Rich Americans produce nearly 25% more heat-trapping gases than poorer people at home, according to a comprehensive study of U.S. residential carbon footprints.
Scientists studied 93 million housing units in the nation to analyze how much greenhouse gases are being spewed in different locations and by income, according to a study published Monday in the Proceedings of the National Academy of Sciences. Residential carbon emissions comprise close to one-fifth of global warming gases emitted by the burning of coal, oil and natural gas.
Using federal definitions of income level, the study found that energy use by the average higher income person’s home puts out 6,482 pounds of greenhouse gases a year. For a person in the lower income level, the amount is 5,225 pounds, the study calculated.
“The numbers don’t lie. They show that (with) people who are wealthier generally, there’s a tendency for their houses to be bigger and their greenhouse gas emissions tend to be higher,” said study lead author Benjamin Goldstein, an environmental scientist at the University of Michigan. “There seems to be a small group of people that are inflicting most of the damage to be honest.”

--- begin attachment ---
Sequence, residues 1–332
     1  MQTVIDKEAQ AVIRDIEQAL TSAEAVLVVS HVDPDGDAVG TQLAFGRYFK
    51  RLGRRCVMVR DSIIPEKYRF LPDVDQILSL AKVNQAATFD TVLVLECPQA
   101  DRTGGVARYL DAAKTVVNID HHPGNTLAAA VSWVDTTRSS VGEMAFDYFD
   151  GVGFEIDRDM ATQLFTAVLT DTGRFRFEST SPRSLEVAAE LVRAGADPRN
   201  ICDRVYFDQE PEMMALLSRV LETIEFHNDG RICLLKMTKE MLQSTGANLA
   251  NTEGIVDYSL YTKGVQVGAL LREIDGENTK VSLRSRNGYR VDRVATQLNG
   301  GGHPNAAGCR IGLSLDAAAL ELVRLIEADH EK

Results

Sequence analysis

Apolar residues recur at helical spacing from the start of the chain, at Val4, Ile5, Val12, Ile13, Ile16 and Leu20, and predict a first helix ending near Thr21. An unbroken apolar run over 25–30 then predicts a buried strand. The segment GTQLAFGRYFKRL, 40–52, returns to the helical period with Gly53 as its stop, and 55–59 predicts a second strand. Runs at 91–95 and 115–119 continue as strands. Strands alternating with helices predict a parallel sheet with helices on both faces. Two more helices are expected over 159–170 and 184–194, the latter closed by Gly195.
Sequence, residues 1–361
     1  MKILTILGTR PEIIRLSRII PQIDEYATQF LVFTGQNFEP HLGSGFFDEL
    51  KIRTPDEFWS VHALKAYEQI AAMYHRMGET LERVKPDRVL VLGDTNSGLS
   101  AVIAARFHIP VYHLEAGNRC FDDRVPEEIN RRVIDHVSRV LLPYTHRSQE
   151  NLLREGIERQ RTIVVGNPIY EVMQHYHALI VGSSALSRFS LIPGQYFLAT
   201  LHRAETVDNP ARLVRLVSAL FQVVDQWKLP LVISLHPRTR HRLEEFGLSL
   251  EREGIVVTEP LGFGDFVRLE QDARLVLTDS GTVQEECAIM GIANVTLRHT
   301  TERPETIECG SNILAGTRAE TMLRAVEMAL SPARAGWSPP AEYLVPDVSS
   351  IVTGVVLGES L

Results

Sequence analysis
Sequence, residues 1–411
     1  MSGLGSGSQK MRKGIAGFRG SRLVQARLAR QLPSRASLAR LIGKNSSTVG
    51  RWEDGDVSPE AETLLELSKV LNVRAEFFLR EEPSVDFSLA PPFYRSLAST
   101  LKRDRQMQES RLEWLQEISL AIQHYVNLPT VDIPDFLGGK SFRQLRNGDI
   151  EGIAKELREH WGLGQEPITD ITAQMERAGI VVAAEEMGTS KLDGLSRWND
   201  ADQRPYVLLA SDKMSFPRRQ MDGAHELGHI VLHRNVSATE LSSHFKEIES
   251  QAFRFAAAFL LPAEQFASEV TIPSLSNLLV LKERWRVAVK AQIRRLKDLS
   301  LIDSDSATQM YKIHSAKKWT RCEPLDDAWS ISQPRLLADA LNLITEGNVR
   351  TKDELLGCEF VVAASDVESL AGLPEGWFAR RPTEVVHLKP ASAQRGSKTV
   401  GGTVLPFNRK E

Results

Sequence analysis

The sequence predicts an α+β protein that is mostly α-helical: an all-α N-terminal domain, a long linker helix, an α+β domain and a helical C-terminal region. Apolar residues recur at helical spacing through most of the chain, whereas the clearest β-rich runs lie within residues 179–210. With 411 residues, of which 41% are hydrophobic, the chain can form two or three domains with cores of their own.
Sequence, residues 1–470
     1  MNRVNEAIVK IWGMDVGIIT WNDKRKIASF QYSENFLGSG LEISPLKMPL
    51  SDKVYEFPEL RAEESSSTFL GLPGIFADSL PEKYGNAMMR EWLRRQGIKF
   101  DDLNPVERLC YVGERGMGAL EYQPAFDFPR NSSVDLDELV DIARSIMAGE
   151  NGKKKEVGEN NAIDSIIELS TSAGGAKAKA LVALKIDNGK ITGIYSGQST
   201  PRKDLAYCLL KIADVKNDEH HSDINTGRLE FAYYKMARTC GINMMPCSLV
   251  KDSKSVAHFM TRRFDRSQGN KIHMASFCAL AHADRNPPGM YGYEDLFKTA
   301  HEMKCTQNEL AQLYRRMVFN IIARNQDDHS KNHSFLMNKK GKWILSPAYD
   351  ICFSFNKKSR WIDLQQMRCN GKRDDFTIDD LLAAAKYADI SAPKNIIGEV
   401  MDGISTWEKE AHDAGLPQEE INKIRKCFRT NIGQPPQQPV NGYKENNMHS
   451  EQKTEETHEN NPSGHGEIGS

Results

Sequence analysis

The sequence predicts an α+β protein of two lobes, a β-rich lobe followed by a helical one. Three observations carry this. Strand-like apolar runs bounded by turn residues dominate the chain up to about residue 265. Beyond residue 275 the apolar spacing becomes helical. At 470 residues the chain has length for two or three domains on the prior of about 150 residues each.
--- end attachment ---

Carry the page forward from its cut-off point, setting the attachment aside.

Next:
In Beverly Hills, the average person puts four times as much heat-trapping gases into the air as someone living in South Central Los Angeles, where incomes are only a small fraction as much. Similarly, in Massachusetts, the average person in wealthy Sudbury spews 9,700 pounds of greenhouse gases into the air each year, while the average person in the much poorer Dorchester neighborhood in Boston puts out 2,227 pounds a year.
“That is the key message about emissions patterns,” said University of California San Diego climate policy professor David Victor, who wasn’t part of the study. “I think it raises fundamental justice questions in a society that has huge income inequality.”
Even though richer Americans produce more heat-trapping gases, “the poor are more exposed to the dangers of the climate crisis, like heat waves, more likely to have chronic medical problems that make them more at risk to be hospitalized or die once exposed to heat, and often lack the resources to protect themselves or access health care,” said Dr. Renee Salas, a Boston emergency room physician and Harvard climate health researcher who wasn’t part of the study.